Interrogating the Plasmodium Sporozoite Surface: Identification of Surface-Exposed Proteins and Demonstration of Glycosylation on CSP and TRAP by Mass Spectrometry-Based Proteomics
Swearingen, Kristian E.
Lindner, Scott E.
Shears, Melanie J.
Hopp, Christine S.
Vaughan, Ashley M.
Moritz, Robert L.
Kappe, Stefan H. I.
Sinnis, PhotiniNote: Order does not necessarily reflect citation order of authors.
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CitationSwearingen, K. E., S. E. Lindner, L. Shi, M. J. Shears, A. Harupa, C. S. Hopp, A. M. Vaughan, et al. 2016. “Interrogating the Plasmodium Sporozoite Surface: Identification of Surface-Exposed Proteins and Demonstration of Glycosylation on CSP and TRAP by Mass Spectrometry-Based Proteomics.” PLoS Pathogens 12 (4): e1005606. doi:10.1371/journal.ppat.1005606. http://dx.doi.org/10.1371/journal.ppat.1005606.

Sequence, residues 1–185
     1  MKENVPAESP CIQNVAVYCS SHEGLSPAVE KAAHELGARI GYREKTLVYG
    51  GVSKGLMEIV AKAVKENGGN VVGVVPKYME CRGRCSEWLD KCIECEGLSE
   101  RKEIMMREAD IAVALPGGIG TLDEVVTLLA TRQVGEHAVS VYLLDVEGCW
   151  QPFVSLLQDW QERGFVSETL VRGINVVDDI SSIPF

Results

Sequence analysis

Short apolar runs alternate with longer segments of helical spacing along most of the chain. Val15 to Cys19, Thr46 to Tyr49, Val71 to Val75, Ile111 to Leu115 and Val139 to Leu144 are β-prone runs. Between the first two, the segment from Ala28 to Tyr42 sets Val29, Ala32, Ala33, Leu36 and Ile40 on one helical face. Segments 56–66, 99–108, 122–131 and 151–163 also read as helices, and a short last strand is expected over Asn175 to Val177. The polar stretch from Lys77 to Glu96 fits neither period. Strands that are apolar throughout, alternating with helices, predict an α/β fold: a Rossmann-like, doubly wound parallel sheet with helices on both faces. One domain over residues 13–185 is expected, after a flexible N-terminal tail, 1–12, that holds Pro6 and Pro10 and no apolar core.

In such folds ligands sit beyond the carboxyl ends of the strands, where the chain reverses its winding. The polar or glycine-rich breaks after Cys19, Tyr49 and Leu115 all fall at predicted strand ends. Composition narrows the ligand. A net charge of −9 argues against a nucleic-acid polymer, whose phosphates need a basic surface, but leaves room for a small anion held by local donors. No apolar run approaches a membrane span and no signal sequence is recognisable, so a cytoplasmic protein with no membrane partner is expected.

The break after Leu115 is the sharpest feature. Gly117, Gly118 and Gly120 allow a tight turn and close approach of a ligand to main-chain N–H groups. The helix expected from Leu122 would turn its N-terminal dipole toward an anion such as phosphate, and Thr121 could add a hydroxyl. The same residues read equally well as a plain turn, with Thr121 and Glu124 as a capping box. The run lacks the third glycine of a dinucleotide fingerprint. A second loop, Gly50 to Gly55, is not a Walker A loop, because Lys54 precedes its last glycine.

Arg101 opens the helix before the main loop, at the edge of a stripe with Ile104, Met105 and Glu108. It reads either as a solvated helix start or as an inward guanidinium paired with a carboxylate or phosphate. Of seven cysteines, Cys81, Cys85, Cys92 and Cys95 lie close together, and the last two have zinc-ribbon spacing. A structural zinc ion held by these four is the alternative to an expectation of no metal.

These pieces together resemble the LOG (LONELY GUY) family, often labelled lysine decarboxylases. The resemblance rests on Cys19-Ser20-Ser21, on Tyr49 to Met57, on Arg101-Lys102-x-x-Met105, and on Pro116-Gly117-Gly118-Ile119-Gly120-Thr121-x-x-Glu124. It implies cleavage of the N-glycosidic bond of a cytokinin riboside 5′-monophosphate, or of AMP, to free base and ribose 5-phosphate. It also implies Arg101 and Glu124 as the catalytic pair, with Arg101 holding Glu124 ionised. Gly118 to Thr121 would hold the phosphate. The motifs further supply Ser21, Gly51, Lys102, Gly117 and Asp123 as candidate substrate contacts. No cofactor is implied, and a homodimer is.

AbstractMalaria parasite infection is initiated by the mosquito-transmitted sporozoite stage, a highly motile invasive cell that targets hepatocytes in the liver for infection. A promising approach to developing a malaria vaccine is the use of proteins located on the sporozoite surface as antigens to elicit humoral immune responses that prevent the establishment of infection. Very little of the P. falciparum genome has been considered as potential vaccine targets, and candidate vaccines have been almost exclusively based on single antigens, generating the need for novel target identification. The most advanced malaria vaccine to date, RTS,S, a subunit vaccine consisting of a portion of the major surface protein circumsporozoite protein (CSP), conferred limited protection in Phase III trials, falling short of community-established vaccine efficacy goals. In striking contrast to the limited protection seen in current vaccine trials, sterilizing immunity can be achieved by immunization with radiation-attenuated sporozoites, suggesting that more potent protection may be achievable with a multivalent protein vaccine. Here, we provide the most comprehensive analysis to date of proteins located on the surface of or secreted by Plasmodium falciparum salivary gland sporozoites. We used chemical labeling to isolate surface-exposed proteins on sporozoites and identified these proteins by mass spectrometry. We validated several of these targets and also provide evidence that components of the inner membrane complex are in fact surface-exposed and accessible to antibodies in live sporozoites. Finally, our mass spectrometry data provide the first direct evidence that the Plasmodium surface proteins CSP and TRAP are glycosylated in sporozoites, a finding that could impact the selection of vaccine antigens.
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